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The Mount Cashel orphanage in St. John's is shown on March 21, 1989. The building was demolished in 1992.ANDREW VAUGHAN/The Canadian Press

A former student of a private Vancouver Catholic school alleges that a teacher who sexually abused him in the 1980s was shuffled to the West Coast by the church after confessing he preyed on boys at an infamous Newfoundland orphanage.

In a proposed class action filed on Monday in B.C. Supreme Court, Darren Liptrot also alleges that his abuser was joined by five other abusers, who were transferred across the country from the Mount Cashel facility in Newfoundland and Labrador to his high school, Vancouver College, and St. Thomas More Collegiate between 1976 and 1983.

If certified, the suit will test whether the Roman Catholic Episcopal Corp. of St. John’s and the former head of a defunct Canadian order of religious devotees known as the Christian Brothers can be held liable for claims of sexual abuse that happened on the other side of Canada. The lawsuit also names Mr. Liptrot’s alleged abuser, Edward English; his former vice-principal, John Kavalec; the Roman Catholic Archbishop of Vancouver; and the Catholic Independent Schools of Vancouver Archdiocese. The corporate entities that now own and operate the two Vancouver-area high schools are also being sued.

Mr. Liptrot’s lawyer, Joe Fiorante, said his client feels there has never been an accounting of what happened to him or why the Christian Brothers, officials in the Catholic church and the Catholic school system were all aware of these pedophiles, yet failed to protect students.

“In the broader context, this is an unfinished chapter in the Mount Cashel tragedy, so at some point there has to be a reckoning with that within the legal system,” he said.

Last month, the Supreme Court of Canada refused an attempt by the Roman Catholic Archdiocese of St. John’s to appeal a ruling that found the church liable for sexual abuse at Mount Cashel orphanage, a scandal that shook Newfoundland and Labrador decades ago. That decision cemented the church’s financial liability for that abuse. The archdiocese had claimed for decades it had no ownership over the facility, and no affiliation with the U.S.-based Christian Brothers organization, which ran it.

Peter Hundt, the Archbishop of St. John’s, told The Globe and Mail his archdiocese just became aware of the lawsuit and is taking it seriously, but it is too early to comment.

Melissa Godbout, a spokesperson for the Archdiocese of Vancouver and the local Catholic school board, said her organizations feel great sadness and regret for anyone who has suffered sexual abuse from a person in power. But she said in an e-mailed statement that the archdiocese and school board question why they were named in the suit, as they do not own or operate either school.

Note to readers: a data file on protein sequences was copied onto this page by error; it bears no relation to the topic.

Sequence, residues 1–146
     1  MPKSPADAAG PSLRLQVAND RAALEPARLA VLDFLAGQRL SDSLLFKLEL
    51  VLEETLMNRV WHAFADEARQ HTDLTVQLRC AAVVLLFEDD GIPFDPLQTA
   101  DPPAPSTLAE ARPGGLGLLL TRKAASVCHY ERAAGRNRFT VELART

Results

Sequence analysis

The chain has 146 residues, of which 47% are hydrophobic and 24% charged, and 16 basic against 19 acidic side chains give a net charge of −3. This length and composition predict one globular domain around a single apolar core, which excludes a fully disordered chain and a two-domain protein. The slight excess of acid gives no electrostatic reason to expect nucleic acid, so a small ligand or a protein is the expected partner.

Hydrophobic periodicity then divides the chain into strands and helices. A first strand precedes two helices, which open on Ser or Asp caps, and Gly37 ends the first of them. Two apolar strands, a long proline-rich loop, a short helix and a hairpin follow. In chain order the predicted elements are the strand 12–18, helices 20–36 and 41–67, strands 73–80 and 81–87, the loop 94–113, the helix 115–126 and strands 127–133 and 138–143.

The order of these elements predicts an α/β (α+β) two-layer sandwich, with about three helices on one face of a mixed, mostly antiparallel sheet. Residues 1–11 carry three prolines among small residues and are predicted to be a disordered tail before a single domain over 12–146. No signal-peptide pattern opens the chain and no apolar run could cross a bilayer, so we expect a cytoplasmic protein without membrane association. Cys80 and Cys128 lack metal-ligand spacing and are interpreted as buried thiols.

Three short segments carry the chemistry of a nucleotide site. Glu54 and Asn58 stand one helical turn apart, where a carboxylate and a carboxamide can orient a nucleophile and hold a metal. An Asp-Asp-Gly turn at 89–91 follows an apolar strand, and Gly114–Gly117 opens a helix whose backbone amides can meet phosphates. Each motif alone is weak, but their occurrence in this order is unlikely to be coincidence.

Last summer, a separate class-action proposal was filed alleging the Archdiocese of Vancouver covered up decades of abuse by clergy members.

None of the allegations have been proven in court, and The Globe was unable to reach Mr. English, Mr. Kavalec or Gerald Gabriel McHugh, who was in charge of the Christian Brothers in Canada at the time of the alleged abuses and was instrumental in transferring the perpetrators from one coast to another, according to the lawsuit.

If a judge certifies the lawsuit as class-action, the plaintiff would represent students of Vancouver College and St. Thomas More Collegiate who say they were physically or sexually abused at those schools between 1976 and 1995.

The Christian Brothers once ran Vancouver College and held shares in Vancouver College and St. Thomas More, but the order of religious laymen wound up its operations in Canada in the mid-1990s to pay compensation to people who were physically and sexually abused in their care. These two schools reached a deal with the liquidator overseeing the dissolution and their properties are held in trust by independent foundations that operate them, Mr. Fiorante said.

On Monday, administrators at the schools told The Globe they were deeply troubled by the allegations and are reviewing them.

Both schools ended their statements with the same promise: “We remain committed to do all that we can to best support our community and anyone impacted.”

Mr. Liptrot, 53, said in an interview that his life was derailed soon after he was allegedly sexually and physically abused in grades 9 and 10 by Mr. English at Vancouver College.

The self-employed contractor who does small home renovations in Chilliwack, an hour’s drive east of Vancouver, told The Globe he dreamt of being a lawyer in high school. But, Mr. Liptrot said, at 15 - soon after two years of alleged abuse ended - he began using alcohol and cannabis heavily, and continued along a path of addiction until he sought treatment in 2006.

In 1991, Mr. English was sentenced to 12 years in jail on 13 charges of indecent assault, gross indecency, and assault causing bodily harm for abusing boys between the ages of eight and 14 at Mount Cashel, where he was a supervisor from 1973 to 1975.

Mr. Liptrot said he had not thought of taking legal action before because he believed Mr. English was still in prison. In 2014, he learned Mr. English was free, so he began a legal journey that was at times interrupted by relapses into substance use, he said.

In 2007, a former B.C. student sued Mr. English, the Christian Brothers and the Roman Catholic Archdiocese of Vancouver, alleging he was molested at a Burnaby Sunday school in 1978 and later at St. Thomas More.

Mr. Fiorante said that case was settled out of court, like many others involving sexual abuse across Canada.

“An accumulation of piecemeal lawsuits might actually be a waterfall, but you’re just seeing a drop at a time and it’s hard to put it into perspective,” Mr. Fiorante said.

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